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Discussion Starter #1
I am replacing a 2x3 sliding exterior window with a new construction style Marvin wood clad dual pane. My new window is 6" taller and I plan on lowering the sill by that amount. I have exposed the nailing flange on the old window on both exterior and interior by cutting away stucco and drywall. I have been able to remove the stucco leaving the exterior paper intact, so I figured I might use the excess to wrap the lowered sill framing.

At this point I need to cut the existing studs (and jackstuds) to support a lowered sill frame. Is there a best method/tool to cut these in place with a chance at leaving square ends? I can't just replace them because there is a built-in vanity just under the window.
 

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Generally a sawzall works well for this. Choose the shortest blade possible and go slow. Getting the cut perfectly square is not necessary.
 

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Discussion Starter #3
The attached dwg is what I am looking at. Trying to cut the studs so the new sill frame is level. I thought of nailing a horz guide and using a circular saw but it wouldn't be deep enough. No sawsall, so it looks like I need to do a rough cut with whatever followed by some chisel work.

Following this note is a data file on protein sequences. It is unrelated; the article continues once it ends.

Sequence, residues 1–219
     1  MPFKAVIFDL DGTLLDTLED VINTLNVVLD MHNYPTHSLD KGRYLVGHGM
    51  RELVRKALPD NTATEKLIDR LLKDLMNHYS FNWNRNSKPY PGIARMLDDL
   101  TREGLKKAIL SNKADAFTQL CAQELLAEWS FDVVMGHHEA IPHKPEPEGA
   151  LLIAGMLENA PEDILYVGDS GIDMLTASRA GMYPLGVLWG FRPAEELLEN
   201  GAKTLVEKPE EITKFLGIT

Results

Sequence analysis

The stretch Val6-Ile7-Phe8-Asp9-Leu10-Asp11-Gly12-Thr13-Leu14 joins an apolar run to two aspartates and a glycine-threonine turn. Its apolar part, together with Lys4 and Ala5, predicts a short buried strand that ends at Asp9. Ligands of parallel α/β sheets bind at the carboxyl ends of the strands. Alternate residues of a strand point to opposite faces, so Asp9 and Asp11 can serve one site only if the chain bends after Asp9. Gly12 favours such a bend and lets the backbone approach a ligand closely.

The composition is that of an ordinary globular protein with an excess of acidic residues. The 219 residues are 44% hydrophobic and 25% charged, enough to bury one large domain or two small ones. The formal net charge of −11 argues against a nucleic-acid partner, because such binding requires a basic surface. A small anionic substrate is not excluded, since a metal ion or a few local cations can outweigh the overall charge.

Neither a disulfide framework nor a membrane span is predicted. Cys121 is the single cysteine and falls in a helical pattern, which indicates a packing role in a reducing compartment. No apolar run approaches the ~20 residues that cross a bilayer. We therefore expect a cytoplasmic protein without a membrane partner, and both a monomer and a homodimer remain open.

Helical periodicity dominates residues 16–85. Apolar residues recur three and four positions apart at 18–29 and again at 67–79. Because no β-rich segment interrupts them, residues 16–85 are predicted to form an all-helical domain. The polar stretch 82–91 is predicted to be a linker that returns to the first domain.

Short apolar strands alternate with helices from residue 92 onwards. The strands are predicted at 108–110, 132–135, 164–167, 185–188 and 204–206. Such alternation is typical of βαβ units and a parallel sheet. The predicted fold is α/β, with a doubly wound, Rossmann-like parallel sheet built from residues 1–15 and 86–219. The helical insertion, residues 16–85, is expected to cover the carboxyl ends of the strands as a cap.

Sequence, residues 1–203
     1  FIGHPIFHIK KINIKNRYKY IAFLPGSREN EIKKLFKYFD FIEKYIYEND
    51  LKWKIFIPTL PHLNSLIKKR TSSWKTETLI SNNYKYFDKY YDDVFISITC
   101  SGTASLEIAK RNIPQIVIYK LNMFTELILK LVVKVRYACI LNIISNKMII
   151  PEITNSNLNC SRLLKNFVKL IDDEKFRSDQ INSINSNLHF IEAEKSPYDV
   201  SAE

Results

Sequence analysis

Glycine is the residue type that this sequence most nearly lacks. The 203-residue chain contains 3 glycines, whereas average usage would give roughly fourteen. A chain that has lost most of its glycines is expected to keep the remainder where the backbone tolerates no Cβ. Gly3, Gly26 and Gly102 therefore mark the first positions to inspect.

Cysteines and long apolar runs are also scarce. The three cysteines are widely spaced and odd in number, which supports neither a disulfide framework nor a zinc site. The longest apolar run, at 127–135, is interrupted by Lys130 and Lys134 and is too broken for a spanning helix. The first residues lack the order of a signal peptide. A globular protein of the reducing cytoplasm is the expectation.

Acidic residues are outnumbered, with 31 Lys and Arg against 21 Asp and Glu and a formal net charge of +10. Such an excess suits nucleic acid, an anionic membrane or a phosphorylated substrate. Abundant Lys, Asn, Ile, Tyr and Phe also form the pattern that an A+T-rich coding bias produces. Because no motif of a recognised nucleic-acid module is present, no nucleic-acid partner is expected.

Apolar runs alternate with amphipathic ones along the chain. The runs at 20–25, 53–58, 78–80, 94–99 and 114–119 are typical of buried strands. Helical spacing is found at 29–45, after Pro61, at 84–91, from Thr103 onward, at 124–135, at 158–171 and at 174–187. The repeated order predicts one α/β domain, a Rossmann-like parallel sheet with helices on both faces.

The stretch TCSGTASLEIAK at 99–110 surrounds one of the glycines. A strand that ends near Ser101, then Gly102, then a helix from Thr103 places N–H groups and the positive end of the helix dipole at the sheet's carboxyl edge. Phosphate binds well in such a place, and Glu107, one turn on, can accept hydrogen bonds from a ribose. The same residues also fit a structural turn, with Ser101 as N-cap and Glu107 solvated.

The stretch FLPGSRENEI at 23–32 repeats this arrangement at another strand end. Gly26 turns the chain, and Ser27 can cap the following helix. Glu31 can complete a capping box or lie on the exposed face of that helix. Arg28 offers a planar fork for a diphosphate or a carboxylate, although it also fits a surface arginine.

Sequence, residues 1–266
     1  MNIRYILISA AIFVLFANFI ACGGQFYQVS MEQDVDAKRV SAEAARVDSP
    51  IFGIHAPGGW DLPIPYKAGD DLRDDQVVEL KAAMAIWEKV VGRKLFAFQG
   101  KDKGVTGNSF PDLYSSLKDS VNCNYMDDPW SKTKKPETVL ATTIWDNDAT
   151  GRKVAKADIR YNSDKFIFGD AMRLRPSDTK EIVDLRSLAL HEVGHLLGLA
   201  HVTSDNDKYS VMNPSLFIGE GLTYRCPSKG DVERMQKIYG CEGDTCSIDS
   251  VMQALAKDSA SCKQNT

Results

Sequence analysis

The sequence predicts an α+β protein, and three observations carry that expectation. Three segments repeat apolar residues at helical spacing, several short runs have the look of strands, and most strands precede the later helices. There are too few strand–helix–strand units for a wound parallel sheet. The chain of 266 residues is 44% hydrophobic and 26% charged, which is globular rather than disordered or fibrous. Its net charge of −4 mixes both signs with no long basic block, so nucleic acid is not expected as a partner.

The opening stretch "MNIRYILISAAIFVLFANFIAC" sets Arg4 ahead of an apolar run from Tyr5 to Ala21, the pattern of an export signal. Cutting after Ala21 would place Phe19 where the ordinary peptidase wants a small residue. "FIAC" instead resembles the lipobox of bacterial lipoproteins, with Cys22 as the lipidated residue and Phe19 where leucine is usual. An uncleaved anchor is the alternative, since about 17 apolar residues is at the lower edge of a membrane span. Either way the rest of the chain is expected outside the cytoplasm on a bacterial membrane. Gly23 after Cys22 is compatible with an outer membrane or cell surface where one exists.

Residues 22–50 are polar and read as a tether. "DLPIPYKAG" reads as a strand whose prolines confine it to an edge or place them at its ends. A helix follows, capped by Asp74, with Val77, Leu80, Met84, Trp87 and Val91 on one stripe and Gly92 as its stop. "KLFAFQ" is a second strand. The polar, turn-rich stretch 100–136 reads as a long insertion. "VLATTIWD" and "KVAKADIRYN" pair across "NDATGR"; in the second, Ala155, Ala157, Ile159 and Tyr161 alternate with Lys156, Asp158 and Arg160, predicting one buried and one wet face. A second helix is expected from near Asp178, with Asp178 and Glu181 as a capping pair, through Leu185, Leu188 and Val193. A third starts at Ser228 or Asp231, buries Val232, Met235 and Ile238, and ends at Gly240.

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Use a circular saw and a hand saw(or jigsaw). Using a chisel for this will cause trauma on the exterior stucco.
 

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Discussion Starter #5 (Edited)
How is flashing normally done on replacement windows like this ?

It looks like I am not going to be able to cut the studs for the lower sill without cutting the paper too, so I have some thin building paper I was going to try slipping down between the stucco and the old paper. If necessary, I can add a piece of grey poly shower pan liner I have left over for a vapor barrier. I see the rolls of 6" or 8" wide adhesive building tape, but I doubt I'd ever get that sticky stuff slipped in around the framing. It would be nice if they made a corner flashing piece from some stiff material just for this kind of thing.

I'll probably need to rip the new sill support a bit to account for the way the stucco bulges the paper inward between studs.
 
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